Behavioral changes and hygiene practices of older adults in Japan during the first wave of COVID-19 emergency

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Background: On April 7, 2020, Japan declared a state of emergency due to the first wave of coronavirus disease 2019 (COVID-19) with the associated social distancing likely to have had a great impact on older adults’ lifestyle and health. This study aimed to explore the behavioral changes and personal hygiene practices in relation with background psychosocial and health characteristics of older adults during the COVID-19 emergency. Methods: A cross-sectional telephonic survey was conducted with the participants of the Kawasaki Aging and Wellbeing Project (KAWP), an on-going longitudinal cohort study of older adults aged 85 or older. The interviews were conducted using a structured questionnaire consisting of 11 closed questions regarding behavioral changes and personal hygiene practices during the state of emergency. Sociodemographic and health data were obtained from the KAWP baseline survey conducted 2.2 years before the telephonic survey. Results: Overall, 487 participants from the KAWP responded to the telephonic survey (response rate: 89.2%). 94.5% of the respondents reported no changes in basic lifestyle habits, such as eating, sleeping, smoking, and drinking, whereas 28.1% reported a decrease in physical activity, and 54.6% reported going out less frequently. One-third of the respondents reported a decrease in the number of people to converse with, as well as the amount of time to converse. For personal hygiene practices, 93.8% reported wearing a mask when they went out, and 50.3% reported an increased frequency of handwashing. Multiple logistic regression analysis revealed that engagement in physical activity at baseline (odds ratio [OR] = 1.95, 95% confidence interval [CI] = 1.23–3.08), smartphone ownership (OR = 2.15, 95% CI = 1.33–3.47), and visual impairment (OR = 1.79; 95% CI = 1.10–2.91) were independently associated with decreased physical activity during the COVID-19 emergency. Female respondents and smartphone ownership were significantly associated with more frequent handwashing. Conclusions: The study revealed that older adults in an urban setting responded to the COVID-19 emergency with behavioral changes. The findings of this study have implications for the design of preventive strategies to maintain the health and wellbeing of at-risk older adults.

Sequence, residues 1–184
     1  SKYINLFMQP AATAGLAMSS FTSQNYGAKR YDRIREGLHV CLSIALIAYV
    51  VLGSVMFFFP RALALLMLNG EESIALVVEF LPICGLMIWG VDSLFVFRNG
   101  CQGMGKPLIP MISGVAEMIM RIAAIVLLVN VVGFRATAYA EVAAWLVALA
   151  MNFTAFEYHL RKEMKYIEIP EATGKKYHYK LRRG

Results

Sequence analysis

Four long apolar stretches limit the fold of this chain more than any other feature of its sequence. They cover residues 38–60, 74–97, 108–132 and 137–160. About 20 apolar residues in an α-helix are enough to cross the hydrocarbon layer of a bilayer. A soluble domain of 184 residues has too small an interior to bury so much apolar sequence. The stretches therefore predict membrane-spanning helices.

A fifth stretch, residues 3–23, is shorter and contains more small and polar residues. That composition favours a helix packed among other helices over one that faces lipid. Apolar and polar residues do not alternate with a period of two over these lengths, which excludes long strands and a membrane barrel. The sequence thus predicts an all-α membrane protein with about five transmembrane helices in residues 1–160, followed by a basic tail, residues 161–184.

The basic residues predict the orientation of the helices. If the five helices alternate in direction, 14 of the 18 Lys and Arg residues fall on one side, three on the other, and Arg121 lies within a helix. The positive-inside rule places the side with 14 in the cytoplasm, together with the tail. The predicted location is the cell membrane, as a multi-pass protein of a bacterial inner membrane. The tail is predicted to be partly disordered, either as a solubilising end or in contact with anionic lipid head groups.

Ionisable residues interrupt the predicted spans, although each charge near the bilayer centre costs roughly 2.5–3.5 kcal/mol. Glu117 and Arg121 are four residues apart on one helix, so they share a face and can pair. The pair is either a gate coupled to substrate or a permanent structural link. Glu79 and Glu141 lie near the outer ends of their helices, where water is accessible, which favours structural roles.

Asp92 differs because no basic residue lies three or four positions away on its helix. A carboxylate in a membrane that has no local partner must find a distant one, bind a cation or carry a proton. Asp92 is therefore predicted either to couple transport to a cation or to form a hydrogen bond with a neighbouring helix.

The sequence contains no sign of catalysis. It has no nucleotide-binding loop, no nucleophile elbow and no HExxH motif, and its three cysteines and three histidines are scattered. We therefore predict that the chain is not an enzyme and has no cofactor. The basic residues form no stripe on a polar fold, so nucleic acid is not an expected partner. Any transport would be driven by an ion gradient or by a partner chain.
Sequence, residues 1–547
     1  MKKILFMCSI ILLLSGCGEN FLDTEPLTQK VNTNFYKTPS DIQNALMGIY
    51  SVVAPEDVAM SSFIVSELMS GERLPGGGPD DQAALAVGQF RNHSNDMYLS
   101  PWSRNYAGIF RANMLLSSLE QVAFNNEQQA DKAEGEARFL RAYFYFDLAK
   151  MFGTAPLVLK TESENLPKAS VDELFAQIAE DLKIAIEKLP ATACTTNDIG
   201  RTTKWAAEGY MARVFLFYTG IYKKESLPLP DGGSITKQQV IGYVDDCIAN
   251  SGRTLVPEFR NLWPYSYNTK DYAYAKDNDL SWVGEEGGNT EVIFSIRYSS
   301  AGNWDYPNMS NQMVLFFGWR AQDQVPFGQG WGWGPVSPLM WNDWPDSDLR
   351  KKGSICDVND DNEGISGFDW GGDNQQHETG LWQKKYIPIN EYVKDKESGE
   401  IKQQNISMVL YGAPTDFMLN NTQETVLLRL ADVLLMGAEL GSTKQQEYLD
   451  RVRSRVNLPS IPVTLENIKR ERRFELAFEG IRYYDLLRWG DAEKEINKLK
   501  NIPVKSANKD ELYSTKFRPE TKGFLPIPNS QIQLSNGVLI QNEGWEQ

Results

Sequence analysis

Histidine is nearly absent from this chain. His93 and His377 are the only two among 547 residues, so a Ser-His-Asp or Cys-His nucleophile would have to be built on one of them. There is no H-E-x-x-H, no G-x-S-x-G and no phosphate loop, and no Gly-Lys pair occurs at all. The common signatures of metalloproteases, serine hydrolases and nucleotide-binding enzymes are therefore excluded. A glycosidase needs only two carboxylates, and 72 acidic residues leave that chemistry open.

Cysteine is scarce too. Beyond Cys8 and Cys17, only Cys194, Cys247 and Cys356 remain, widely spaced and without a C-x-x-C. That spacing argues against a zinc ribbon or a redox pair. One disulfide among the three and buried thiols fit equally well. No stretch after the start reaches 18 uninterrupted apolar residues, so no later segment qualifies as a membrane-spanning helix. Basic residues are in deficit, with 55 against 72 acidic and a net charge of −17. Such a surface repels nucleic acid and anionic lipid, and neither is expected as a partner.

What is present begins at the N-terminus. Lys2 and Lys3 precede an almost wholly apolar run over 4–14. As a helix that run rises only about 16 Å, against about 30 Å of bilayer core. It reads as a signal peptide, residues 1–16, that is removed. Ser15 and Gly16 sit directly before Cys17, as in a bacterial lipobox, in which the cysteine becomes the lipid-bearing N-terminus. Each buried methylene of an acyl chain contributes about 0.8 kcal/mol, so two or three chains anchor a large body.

Original languageEnglish
Article number137
JournalBMC Geriatrics
Issue number1
Publication statusPublished - 2021 Dec


  • Behavior
  • COVID-19
  • Hygiene practice
  • Older adults

ASJC Scopus subject areas

  • Geriatrics and Gerontology


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